Professor DANIEL RICHMAN (Fordham Law School): One is to investigate, which many grand juries really don't do much of, but special grand juries can be expected to do a lot of. The other is to screen, to determine whether the government has met its burden of having sufficient evidence to pursue a case formally before a court.

It's a little unclear from the context in what way he's using the word 'special'. But the DOJ Criminal Resource manual contains a section on impaneling "Special Grand Juries". And this resource guide at the University of Dayton website makes the following distinction about the terms federal grand juries can serve (emphasis added) ...

Federal grand juries are of two types--regular and special. Regular grand juries sit for a basic term of 18 months, but that term can be extended up to another 6 months, which means their total possible term is 24 months. Special grand juries sit for 18 months, but their term can be extended for up to another 18 months; a court can extend a special grand jury's term for 6 months, and can enter up to three such extensions, totaling 18 months.

Several TPM Reader lawyers have written in to say that Fitzgerald's grand jury is just such a "special grand jury". And if that's so it would seem that he has a good deal more latitude to seek extensions -- specifically, a year's more latitude -- than we've been led to believe. Others tell me that it's a six month extension and that's it.

USCourts.gov describes the difference between the two sorts of grand juries like this ...

Today, there are two main types of grand juries: regular and special. A federal judge officially convenes both types of grand juries, though a prosecutor (someone from a U.S. Attorney's office) actually conducts the proceedings. Regular grand juries are called to decide whether or not a prosecutor has presented enough evidence that a crime has been committed. Regular grand juries are convened for a period of 18 months, but may be required to sit as long as 24 months.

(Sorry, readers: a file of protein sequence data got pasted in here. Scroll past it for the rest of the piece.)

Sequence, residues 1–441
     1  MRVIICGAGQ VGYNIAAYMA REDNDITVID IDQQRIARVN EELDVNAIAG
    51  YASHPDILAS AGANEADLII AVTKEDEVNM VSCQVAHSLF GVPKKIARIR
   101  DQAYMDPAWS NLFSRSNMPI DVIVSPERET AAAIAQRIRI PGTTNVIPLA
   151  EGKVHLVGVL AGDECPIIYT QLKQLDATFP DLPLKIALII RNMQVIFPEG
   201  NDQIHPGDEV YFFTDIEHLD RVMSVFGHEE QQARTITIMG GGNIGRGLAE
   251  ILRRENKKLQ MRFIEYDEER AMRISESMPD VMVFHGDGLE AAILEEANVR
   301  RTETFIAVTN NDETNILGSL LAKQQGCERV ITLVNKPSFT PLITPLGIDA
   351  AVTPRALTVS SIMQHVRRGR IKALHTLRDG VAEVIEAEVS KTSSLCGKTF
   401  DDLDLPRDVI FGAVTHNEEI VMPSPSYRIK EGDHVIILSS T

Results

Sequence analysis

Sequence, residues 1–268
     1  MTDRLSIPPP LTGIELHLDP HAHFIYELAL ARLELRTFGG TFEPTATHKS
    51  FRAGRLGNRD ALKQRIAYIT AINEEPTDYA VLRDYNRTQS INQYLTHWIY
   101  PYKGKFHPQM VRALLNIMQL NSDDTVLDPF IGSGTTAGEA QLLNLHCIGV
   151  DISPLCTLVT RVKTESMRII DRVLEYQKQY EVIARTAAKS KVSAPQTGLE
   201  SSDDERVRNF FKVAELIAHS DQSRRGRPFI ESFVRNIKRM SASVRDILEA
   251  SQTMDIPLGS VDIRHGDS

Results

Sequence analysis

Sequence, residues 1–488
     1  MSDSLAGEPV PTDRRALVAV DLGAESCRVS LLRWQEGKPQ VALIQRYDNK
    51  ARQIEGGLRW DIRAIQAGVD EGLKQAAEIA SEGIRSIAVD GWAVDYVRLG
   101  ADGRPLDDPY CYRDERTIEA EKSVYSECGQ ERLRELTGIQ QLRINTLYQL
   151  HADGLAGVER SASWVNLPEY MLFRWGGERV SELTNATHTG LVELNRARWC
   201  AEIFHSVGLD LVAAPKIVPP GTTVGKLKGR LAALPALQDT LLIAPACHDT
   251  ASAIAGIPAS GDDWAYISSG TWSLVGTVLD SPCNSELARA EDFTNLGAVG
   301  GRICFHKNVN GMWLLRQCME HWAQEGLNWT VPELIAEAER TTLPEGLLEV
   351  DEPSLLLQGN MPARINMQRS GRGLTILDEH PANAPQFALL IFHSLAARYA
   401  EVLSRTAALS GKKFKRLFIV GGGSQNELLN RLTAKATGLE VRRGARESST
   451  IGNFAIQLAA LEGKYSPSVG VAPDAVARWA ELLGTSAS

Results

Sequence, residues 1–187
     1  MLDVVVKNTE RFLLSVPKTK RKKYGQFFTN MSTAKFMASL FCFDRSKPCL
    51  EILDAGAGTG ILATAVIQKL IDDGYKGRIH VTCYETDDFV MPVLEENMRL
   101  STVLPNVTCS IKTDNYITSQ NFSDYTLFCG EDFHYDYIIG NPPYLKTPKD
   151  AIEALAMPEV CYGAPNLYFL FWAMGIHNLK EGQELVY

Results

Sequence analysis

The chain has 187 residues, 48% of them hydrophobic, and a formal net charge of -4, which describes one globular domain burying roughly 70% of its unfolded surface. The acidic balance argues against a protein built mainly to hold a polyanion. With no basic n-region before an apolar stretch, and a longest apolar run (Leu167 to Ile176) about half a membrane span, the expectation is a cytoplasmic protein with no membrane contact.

Special grand juries are called to investigate a particular crime, usually one that is of some importance. Special grand juries are convened for a period of 18 months, and may be extended for six month intervals for a total of an additional 18 months.

If you're knowledgable on this subject and have more to add please drop me a line.

Even Late Update: Another question. Did Fitzgerald a new grand jury in January 2004 when he took over the case? This brief from the case says the following (emphasis added) ...

In late December 2003, the Attorney General recused himself from the investigation, and delegated his authority in connection with the investigation to Deputy Attorney General James B. Comey as Acting Attorney General. Id. at 4a, 192a-193a. Deputy Attorney General Comey, in turn, appointed Patrick J. Fitzgerald, United States Attorney for the Northern District of Illinois, as Special Counsel, and delegated full authority concerning the investigation to him. Ibid. The grand jury investigation began in January 2004.

That last passage is courtesy of TPM Reader SB.

Early word from the Times: Libby to be indicted; Rove not to face indictment tomorrow but to remain under investigation; Fitzgerald likely to extend the term of the grand jury.